O Lord, I greet you this day
O Joy of my heart, come away
Come walk with me in the cool of the day
To drink deep of the well-springs of life
In your presence O my God
Dwelling in Jesus
I am filled with the fragrance of Life
Dancing in the resurrection fires of your Spirit
Restore my life, O Lord
That I might flow
And bear your restoring fragrance
The presence of Jesus
Bearing witness in my body
To you gift of eternal life
In the sweet refrain:
“Come to Me, all who are weary and heavy-laden,
and I will give you rest.
Take my yoke upon you and learn from me,
for I am gentle and humble in heart,
and you will find rest for your souls.
For my yoke is easy
and my burden is light.” ~ Jesus
Photo: Michael Breitung
Walking With Wisdom ~ Burning One’s
Do We Really Know Who We Are?
At a time like this, I feel like I’m caught between two worlds. Maybe you do too.
Conservatives call me a Liberal. Liberals call me a Conservative. In Theology, as well as Politics, I am neither far-Right nor far-Left. I’m neither looney Left nor blood-sucking Right. But if I’m honest, I’m a little of both, and more…we include and transcend them in Jesus.
Yes, I’m saying that being in Jesus, having the mind of Christ, is a higher consciousness, God’s perspective through our eyes.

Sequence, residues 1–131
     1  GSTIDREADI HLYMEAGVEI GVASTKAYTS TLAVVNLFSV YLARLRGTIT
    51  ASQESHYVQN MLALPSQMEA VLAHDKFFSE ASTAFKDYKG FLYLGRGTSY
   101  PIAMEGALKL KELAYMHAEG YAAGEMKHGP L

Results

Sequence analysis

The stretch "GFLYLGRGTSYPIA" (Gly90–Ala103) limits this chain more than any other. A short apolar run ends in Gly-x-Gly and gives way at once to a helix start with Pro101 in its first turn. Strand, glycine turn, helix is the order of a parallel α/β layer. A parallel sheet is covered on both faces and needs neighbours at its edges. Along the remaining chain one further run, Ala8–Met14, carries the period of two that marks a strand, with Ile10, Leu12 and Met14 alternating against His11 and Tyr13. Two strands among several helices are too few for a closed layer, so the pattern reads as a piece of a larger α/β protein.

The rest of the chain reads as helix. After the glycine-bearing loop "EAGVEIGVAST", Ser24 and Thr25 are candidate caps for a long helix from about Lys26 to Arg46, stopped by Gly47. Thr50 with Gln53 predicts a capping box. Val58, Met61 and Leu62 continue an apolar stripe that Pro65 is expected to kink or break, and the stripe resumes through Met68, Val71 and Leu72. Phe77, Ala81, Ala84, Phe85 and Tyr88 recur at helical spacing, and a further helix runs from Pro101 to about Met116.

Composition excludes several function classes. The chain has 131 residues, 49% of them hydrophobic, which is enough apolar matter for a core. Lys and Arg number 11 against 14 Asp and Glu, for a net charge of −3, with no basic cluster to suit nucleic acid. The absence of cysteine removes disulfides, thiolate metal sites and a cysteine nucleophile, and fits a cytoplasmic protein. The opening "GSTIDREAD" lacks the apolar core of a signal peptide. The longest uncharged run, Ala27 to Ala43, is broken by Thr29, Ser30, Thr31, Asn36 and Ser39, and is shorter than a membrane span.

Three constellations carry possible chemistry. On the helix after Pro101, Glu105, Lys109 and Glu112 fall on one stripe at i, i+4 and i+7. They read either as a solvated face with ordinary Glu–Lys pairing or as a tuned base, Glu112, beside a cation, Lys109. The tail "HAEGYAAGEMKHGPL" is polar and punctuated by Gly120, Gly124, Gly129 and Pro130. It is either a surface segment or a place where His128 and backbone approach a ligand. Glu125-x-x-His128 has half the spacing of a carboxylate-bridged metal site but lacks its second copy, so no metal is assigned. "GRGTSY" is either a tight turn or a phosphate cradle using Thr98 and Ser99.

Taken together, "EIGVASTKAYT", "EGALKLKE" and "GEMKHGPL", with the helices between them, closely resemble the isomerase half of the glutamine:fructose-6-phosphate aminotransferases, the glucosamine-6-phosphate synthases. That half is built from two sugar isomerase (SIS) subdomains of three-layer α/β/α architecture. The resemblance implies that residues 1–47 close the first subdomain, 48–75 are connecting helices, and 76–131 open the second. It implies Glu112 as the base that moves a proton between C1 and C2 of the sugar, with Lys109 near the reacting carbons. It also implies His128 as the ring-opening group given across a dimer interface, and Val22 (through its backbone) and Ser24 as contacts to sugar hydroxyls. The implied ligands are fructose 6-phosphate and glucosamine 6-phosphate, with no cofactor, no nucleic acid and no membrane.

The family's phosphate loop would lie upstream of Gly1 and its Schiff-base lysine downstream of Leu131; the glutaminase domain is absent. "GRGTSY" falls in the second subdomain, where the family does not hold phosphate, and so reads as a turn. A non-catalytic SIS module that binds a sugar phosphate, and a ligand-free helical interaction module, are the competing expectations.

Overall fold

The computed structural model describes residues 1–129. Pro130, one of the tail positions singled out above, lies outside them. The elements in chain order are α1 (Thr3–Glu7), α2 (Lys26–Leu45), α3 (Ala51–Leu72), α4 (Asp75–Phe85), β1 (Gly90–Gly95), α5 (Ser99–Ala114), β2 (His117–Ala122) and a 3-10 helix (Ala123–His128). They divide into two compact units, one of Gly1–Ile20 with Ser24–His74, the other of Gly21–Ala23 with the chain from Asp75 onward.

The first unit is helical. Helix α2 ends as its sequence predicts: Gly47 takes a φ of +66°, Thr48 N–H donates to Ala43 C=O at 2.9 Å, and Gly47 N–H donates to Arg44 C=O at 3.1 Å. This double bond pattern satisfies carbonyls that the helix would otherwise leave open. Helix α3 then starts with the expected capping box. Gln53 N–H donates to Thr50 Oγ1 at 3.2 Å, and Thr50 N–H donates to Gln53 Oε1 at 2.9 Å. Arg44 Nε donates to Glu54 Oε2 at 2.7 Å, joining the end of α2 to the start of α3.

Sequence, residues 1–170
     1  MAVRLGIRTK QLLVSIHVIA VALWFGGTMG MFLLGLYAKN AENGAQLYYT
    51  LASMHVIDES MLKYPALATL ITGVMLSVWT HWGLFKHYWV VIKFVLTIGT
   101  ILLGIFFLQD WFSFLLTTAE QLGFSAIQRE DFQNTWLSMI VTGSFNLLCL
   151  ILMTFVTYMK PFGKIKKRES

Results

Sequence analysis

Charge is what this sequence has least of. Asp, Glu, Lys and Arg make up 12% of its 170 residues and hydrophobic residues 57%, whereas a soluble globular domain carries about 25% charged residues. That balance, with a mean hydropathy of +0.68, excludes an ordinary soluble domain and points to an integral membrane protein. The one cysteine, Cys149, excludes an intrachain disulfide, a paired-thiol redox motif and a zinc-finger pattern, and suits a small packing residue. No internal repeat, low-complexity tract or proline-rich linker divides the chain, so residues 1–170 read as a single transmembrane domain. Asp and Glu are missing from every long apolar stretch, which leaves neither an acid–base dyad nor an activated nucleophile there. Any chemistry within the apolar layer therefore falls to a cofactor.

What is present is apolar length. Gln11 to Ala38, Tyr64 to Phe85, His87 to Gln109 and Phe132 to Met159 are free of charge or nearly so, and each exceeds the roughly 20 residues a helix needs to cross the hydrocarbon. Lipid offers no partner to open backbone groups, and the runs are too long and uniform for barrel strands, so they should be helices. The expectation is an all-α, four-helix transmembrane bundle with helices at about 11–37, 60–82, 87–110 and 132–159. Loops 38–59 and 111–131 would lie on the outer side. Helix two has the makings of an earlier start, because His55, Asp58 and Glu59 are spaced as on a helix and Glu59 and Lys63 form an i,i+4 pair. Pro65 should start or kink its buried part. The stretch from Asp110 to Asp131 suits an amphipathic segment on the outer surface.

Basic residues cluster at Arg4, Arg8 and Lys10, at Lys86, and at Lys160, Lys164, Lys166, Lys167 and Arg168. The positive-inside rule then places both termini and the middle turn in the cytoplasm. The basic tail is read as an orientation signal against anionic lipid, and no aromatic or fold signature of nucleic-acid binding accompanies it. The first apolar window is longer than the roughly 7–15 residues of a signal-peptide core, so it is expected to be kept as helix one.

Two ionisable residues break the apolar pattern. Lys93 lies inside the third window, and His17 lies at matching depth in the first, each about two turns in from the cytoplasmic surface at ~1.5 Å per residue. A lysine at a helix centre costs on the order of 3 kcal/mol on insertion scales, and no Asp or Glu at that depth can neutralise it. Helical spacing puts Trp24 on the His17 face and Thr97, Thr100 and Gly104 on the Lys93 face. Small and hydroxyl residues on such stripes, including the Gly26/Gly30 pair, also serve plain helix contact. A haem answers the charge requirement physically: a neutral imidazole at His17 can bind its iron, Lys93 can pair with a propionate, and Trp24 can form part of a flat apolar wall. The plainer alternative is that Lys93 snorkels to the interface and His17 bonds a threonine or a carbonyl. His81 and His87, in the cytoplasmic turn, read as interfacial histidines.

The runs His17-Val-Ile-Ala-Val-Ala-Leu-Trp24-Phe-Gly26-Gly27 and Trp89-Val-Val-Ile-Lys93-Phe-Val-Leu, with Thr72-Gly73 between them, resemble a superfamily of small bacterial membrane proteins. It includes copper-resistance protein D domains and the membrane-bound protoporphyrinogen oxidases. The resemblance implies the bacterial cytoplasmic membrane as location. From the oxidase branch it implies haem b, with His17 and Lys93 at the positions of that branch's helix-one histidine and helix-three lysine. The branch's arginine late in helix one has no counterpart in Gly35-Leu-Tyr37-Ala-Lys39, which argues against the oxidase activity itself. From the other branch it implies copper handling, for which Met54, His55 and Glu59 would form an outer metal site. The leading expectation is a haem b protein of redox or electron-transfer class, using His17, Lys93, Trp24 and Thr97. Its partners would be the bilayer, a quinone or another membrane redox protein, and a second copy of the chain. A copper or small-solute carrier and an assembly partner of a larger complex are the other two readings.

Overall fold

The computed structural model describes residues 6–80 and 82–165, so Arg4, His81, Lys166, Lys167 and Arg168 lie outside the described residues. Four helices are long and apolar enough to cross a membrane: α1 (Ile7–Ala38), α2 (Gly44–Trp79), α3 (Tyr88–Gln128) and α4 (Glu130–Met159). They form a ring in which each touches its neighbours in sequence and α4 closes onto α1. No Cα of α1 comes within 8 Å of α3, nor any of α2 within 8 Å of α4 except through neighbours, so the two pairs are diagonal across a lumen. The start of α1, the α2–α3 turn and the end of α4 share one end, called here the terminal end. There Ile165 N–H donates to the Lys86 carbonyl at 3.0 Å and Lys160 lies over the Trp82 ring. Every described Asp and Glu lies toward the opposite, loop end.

Being in the middle, between it all with Jesus is the burning spot. Everything is on fire, being proven and purified. It is the prophetic point of vision and eternal life. It is the living place of both and…
Jesus never sided with the far right, nor the far left of his day, (the Pharisees, nor the Sadducees).
Jesus stood with the poor, the outcasts, and the sinners in the fires of life.
calling out to the broken,
and the downtrodden,
calling to anyone with ears to hear,
into the Creator’s fire of transformation,
to be reborn in the fires of eternal life.
He still does,
and so do we
who are in Him.
We are the burning one’s
Burning with the creative,
eternal fire of God
sparkling with eternal life.
Beings of light,
Born of the Father of lights.
Do We Really Know Who We Are?
A Breath Prayer: Jes-us
Light a candle, play some soft music, say a meaningful prayer, a Psalm like the 23rd, or whatever you do to enter devotion.
The monastics call this entering the cave of our heart. The Franciscan’s pray with their head lower than their heart to remind themselves that it’s heart first in approaching God.
A breath prayer is simply a way to drop our linear mind, to enter our spirit through our breath.
Take three deep breaths and slowly center yourself in your heart.
As breath is spirit,
Breathe in this moment…
Let the stillness soak into your being.
Breathe in forgiveness, and breathe out your release.
Breathe in faith, and breathe out thanksgiving.
Breathe in silently saying ‘Jes’, and breathe out silently saying ‘us’.
Enter into your rest prepared for you,
In Christ’s finished work.
Close your eyes or let them rest gently focused a few feet in front of you, as you breathe naturally.
Breathe… embracing belonging, releasing gratitude,
Focusing on the presence of Jesus.
Letting go and letting God,
Like a trust fall into the arms of God
Allowing yourself to feel well, and whole in these eternal arms.